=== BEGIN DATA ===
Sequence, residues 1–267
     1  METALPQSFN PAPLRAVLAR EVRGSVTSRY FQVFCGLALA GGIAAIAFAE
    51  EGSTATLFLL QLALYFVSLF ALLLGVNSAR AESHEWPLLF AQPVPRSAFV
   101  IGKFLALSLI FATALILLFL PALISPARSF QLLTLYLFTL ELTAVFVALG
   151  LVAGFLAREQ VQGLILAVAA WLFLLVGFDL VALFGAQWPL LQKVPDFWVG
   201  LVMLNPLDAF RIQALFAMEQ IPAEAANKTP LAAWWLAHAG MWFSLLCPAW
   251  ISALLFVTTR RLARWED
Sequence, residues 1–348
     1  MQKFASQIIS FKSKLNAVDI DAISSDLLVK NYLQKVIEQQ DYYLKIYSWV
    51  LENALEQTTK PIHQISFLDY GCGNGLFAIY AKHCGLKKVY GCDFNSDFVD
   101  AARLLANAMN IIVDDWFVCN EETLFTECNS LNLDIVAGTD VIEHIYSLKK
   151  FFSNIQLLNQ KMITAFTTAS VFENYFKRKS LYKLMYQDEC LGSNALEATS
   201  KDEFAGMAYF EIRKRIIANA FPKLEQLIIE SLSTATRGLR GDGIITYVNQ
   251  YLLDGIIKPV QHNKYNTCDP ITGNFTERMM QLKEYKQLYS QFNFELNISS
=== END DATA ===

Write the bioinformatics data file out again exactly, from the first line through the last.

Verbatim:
Sequence, residues 1–267
     1  METALPQSFN PAPLRAVLAR EVRGSVTSRY FQVFCGLALA GGIAAIAFAE
    51  EGSTATLFLL QLALYFVSLF ALLLGVNSAR AESHEWPLLF AQPVPRSAFV
   101  IGKFLALSLI FATALILLFL PALISPARSF QLLTLYLFTL ELTAVFVALG
   151  LVAGFLAREQ VQGLILAVAA WLFLLVGFDL VALFGAQWPL LQKVPDFWVG
   201  LVMLNPLDAF RIQALFAMEQ IPAEAANKTP LAAWWLAHAG MWFSLLCPAW
   251  ISALLFVTTR RLARWED
Sequence, residues 1–348
     1  MQKFASQIIS FKSKLNAVDI DAISSDLLVK NYLQKVIEQQ DYYLKIYSWV
    51  LENALEQTTK PIHQISFLDY GCGNGLFAIY AKHCGLKKVY GCDFNSDFVD
   101  AARLLANAMN IIVDDWFVCN EETLFTECNS LNLDIVAGTD VIEHIYSLKK
   151  FFSNIQLLNQ KMITAFTTAS VFENYFKRKS LYKLMYQDEC LGSNALEATS
   201  KDEFAGMAYF EIRKRIIANA FPKLEQLIIE SLSTATRGLR GDGIITYVNQ
   251  YLLDGIIKPV QHNKYNTCDP ITGNFTERMM QLKEYKQLYS QFNFELNISS